His wife and friends had the perfect opportunity to offer Haman sound advice. Did Zeresh think twice before suggesting Haman should hang Mordecai? Conceivably she got caught up in the suggestions of Haman’s friends and went along with what they advised. Perhaps she’d spent so much time around Haman that she picked up on his bad habit of rash speaking. Or maybe her heart had grown to love the same worldly advantages Mordecai loved; therefore, she served her pride. Whatever the reason, Zeresh gave her husband nefarious advice, which led to his death.

We do not want to be the type of person who gives advice based on what we think the other person wants to hear, instead of what he or she needs to hear. Just as importantly, we do not want to be the kind of person who will not receive helpful advice because our pride is in opposition. If Zeresh had pointed out the pluses in Haman’s life or advised him to think through what he was about to do, things might have turned out differently. Instead, Zeresh’s tragic counsel cost her the life of her husband and later, the life of her sons. We do not have to wait until the stakes are high to give biblically rooted advice. Our words make a difference in the ordinary daily affairs of our lives.

Lord, I desire to seek the good and speak for the welfare of all those in my sphere of influence (Esther 10:5). I ask for the guidance of Your wisdom and the courage to give advice even if it is counter-culture. I want to make a difference. Amen.

In His grace,


Women of Faith series

Straying From God

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The LORD said to me, “Go, show your love to your wife again, though she is loved by another man and is an adulteress. Love her as the LORD loves the Israelites, though they turn to other gods and love the sacred raisin cakes.”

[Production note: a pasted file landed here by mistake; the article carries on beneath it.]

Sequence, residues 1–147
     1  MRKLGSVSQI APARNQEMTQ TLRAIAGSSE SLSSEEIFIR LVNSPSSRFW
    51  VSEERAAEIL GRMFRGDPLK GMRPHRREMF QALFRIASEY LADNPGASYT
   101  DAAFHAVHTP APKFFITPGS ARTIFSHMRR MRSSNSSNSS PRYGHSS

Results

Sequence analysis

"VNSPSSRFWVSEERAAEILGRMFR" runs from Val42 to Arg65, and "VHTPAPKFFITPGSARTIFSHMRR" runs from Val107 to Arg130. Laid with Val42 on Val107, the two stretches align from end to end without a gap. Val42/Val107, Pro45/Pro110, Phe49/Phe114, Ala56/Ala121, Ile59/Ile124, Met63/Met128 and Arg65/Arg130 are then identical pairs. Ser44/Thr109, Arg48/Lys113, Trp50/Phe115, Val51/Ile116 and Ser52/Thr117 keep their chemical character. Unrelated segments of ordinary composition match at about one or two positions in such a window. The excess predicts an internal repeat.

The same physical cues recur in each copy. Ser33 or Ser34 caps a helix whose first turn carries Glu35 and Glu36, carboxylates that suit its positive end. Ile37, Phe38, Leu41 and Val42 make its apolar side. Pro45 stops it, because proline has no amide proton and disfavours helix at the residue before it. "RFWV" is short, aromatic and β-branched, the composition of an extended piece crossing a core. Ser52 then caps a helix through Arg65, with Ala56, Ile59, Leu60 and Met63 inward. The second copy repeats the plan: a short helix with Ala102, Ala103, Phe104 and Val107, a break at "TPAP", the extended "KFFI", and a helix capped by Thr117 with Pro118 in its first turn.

Hosea 3:1

Unfaithful Gomer left her husband, Hosea, and turned to the temptations of the world with its evil desires. Eventually, she found herself in slavery, imprisoned by her sins. God instructed Hosea to find Gomer and bring her home. Hosea was also commanded to keep her safe and to provide for her. Most importantly, Hosea was to love her once again.

Gomer represents the children of Israel. God tells this story to illustrate His own willingness to find his people, to protect them, and to provide for His nation. He rescues them from their sins and brings them back to His heart, which is filled with unconditional love. Gomer symbolizes us, too, because we stray from God’s commands. If our heart is not committed to God, the lure of temptations will lead us to abandon him.

Be horrified at this, heavens; be shocked and utterly appalled. This is the Lord’s declaration. For My people have committed a double evil: They have abandoned Me, the fountain of living water, and dug cisterns for themselves, cracked cisterns that cannot hold water.

Jeremiah 2:12-13

God is showing us in this verse in Jeremiah, the essence of evil. To God, evil is to prefer something else. When we have tasted and seen that the Lord is good (Psalm 34:8) and we abandon the Glory (Jeremiah 2:11) because we desire something else, it’s because we have preferred our own provision. We obtain it faster, we create the choices we prefer, and the quantity we desire. We cast aside the living water and prefer to dig for water elsewhere. Eve rejected God in a similar way when she spurned the wisdom he provided for her and desired for the tree to make her wise (Genesis 3:6).

God is always faithful. He finds us when we hide in the so-called shelters of lust and greed, and He brings us home to his heart. In His forgiving nature, God continually seeks to restore our relationship with him because he stands firm in his commitment to love unconditionally. God’s unfailing love heals our broken souls and serves as a model on how we are to treat others. Like Gomer, some of us have been unfaithful. But God’s faithfulness is forever, for he cannot deny himself (2 Timothy 2:13).

Come, let us return to the Lord, and He will heal us. He will bind up our wounds. He will revive us and raise us up so we can live in His presence. Let us strive to know the Lord. His appearance is as sure as the dawn. He will come to us like the rain, like the spring showers that water the land (Hosea 6:1-3). Let us repent before the Lord because He is faithful to forgive and cleanse us from all unrighteousness (1 John 1:9). From the overflow of your heart, let your mouth speak. Amen.

In His grace,


Women of Faith series